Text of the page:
Short term effects
Barbiturates enhance and amplify the activities of GABA (gamma amino butyric acid), one of the brain’s primary neurotrasmitters. When activated by barbiturates, GABA shuts off large portions of the brain, producing sedative, relaxing effects.
Recreational doses produce similar effects to alcohol intoxication:
- slurred speech
- unusual excitement
- dizziness, confusion
- impaired judgment
- decreased motor control
- respiratory arrest which can lead to death.
Barbiturates and alcohol have similar effects. If someone intoxicated by alcohol takes barbiturates, the drunkenness will deepen as if more alcohol had been swallowed. Pharmaceutical effects of alcohol alone can kill a person who overdoses, and adding barbiturates can transform a session of social drinking into a fatal one. More than one person has died by taking barbiturate sleeping pills with alcohol instead of water. A person using barbiturates should take the same precautions as a person using alcohol, for example, using care about running dangerous machinery such as automobiles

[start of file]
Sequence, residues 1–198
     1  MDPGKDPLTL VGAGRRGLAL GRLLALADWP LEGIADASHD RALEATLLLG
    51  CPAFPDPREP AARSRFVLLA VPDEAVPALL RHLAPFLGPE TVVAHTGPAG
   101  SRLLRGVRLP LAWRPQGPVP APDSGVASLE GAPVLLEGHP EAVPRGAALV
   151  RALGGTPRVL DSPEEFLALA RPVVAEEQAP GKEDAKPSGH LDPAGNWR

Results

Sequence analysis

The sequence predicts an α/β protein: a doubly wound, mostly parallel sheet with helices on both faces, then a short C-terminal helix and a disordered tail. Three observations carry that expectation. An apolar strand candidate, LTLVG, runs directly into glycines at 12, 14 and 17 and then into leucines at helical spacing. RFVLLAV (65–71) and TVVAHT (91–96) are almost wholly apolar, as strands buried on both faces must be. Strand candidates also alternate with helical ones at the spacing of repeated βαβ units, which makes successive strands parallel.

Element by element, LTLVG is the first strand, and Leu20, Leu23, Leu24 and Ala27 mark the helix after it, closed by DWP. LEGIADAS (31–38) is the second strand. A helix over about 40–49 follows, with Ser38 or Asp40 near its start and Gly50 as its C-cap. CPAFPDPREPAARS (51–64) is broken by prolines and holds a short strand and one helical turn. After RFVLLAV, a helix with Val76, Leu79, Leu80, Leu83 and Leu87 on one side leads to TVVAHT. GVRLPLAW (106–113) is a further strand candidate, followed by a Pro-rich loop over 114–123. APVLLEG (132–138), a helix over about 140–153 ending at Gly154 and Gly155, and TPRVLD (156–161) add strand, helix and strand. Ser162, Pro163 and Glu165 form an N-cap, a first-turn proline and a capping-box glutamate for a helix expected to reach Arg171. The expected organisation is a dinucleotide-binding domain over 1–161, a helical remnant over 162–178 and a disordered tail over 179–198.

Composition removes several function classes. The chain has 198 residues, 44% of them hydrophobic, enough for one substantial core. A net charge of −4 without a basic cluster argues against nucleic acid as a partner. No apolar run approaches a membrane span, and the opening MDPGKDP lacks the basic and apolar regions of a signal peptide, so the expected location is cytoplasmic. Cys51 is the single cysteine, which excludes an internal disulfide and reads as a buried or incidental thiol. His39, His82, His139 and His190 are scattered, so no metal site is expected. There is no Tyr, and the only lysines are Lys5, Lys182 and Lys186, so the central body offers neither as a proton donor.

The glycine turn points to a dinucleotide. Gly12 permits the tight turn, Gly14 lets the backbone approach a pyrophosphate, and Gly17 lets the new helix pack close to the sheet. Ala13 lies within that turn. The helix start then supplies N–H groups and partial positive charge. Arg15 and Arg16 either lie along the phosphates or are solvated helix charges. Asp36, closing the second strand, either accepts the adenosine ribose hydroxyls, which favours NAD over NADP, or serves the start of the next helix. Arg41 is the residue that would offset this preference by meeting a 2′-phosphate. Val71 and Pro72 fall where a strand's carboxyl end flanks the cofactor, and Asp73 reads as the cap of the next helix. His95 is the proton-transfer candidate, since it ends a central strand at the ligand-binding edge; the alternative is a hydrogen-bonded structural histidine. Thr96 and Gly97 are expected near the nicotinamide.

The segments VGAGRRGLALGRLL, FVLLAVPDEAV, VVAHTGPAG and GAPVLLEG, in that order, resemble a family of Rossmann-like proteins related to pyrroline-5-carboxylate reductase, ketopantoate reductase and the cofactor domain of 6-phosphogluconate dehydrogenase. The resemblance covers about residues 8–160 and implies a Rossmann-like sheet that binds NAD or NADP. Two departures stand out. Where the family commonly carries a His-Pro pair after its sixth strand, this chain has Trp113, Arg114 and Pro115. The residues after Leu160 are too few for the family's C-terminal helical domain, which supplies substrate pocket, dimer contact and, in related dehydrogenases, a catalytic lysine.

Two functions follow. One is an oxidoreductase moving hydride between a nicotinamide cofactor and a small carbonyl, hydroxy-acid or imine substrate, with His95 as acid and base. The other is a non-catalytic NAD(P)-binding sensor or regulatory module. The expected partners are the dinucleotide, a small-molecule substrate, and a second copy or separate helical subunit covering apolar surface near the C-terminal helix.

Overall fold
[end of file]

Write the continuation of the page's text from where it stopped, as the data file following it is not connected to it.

Long term Barbiturates effects
Once addicted, a user of barbiturates will often seek out the drug to obtain the same kind of high as achieved before. However, doing this requires more and more of the drug. And this is where things get dangerous, because the higher the dose of the barbiturate you take, the more likely it is that you will overdose.
Unfortunately, abuse of this substance could lead to respiratory arrest, one of the primary causes of death in barbiturate abusers. Overdose symptoms include confusion, slurred speech, drowsiness, and fatigue and may even result in coma or death. If the drug is stopped suddenly, there is a high risk for withdrawal symptoms, which are very uncomfortable and even painful. Symptoms of withdrawal or abstinence include tremors, difficulty sleeping, and agitation. These symptoms can become worse, resulting in life-threatening symptoms, including hallucinations, high temperature, and seizures.